Artistic tools, from brushes to complex algorithms, don’t create art; human artists do. The advent of generative AI tools like Midjourney, DALL-E, and Stable Diffusion has blurred this understanding, causing observers to believe these tools are the authors of the artworks they produce, even so far as to imagine that the artworks are “created” by the AI in the copyright sense of the word. Not so.

The U.S. Copyright Office recently issued guidance on the copyrightability of works produced using generative AI tools. The Office has accepted the narrative that AI tools perform the steps of authorship, conceiving of the image and rendering it into existence, and denying copyright because randomly or automatically generated works lack human authorship. This interpretation of generative AI is fundamentally flawed.

Contemporary visual generative AI systems can do extraordinary things, but as of yet not autonomously and not automatically. Generative AI systems are tools—highly complex, deeply technological tools to be sure, but tools none the less. And these tools require a human author or artist—the end-user of the generative AI system—to provide the inspiration and design and often the instructions and directions on how to produce the image.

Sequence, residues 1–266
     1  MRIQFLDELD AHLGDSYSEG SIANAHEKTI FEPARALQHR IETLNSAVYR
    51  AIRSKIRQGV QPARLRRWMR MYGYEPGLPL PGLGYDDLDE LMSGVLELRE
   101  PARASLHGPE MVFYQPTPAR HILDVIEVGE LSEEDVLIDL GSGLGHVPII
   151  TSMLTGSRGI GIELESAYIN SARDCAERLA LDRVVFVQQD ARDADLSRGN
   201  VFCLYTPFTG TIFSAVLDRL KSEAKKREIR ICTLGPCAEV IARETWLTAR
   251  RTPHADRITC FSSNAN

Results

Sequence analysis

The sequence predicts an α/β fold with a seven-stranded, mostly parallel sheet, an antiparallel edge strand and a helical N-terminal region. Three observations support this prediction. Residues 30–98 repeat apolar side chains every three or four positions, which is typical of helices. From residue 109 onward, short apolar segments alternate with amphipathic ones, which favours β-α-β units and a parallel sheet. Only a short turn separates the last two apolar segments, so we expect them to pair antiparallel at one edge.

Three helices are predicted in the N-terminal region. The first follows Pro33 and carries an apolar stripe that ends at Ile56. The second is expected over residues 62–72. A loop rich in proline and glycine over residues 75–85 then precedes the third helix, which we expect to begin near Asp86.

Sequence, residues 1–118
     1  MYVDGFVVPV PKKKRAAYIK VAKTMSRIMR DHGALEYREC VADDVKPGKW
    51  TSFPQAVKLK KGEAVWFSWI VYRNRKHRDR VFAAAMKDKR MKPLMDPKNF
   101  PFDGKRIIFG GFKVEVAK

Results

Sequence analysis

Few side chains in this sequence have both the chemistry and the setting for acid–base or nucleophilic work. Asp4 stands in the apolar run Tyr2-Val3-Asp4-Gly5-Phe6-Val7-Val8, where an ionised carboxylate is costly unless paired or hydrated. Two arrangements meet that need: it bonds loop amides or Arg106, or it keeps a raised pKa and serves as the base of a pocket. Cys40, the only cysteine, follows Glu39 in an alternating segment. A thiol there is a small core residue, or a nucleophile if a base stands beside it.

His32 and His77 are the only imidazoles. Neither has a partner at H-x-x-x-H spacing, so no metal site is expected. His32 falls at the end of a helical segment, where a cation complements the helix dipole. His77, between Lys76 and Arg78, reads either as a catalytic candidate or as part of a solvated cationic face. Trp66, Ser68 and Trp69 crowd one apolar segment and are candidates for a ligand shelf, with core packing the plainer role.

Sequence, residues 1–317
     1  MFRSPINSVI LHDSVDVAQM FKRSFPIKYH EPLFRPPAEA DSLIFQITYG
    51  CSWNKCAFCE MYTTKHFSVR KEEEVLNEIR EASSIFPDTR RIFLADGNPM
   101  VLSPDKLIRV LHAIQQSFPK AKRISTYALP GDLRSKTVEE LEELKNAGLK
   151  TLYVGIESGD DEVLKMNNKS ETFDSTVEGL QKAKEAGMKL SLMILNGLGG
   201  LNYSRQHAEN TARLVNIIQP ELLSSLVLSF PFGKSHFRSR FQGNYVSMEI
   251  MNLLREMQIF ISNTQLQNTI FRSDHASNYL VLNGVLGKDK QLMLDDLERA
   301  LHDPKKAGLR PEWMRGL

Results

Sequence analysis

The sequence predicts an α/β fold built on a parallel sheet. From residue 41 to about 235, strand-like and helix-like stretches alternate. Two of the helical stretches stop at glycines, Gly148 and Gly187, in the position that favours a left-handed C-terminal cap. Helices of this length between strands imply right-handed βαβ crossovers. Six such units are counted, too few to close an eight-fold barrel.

It is a fallacy to view AI systems as the authors of the works they generate. The process of how an end-user of a contemporary generative AI tool creates art and how a human artist goes about the same task are very similar. An artist working with a generative AI tool is no different from an artist working with a digital or analog camera or with Photoshop or another image editing and image rendering tool.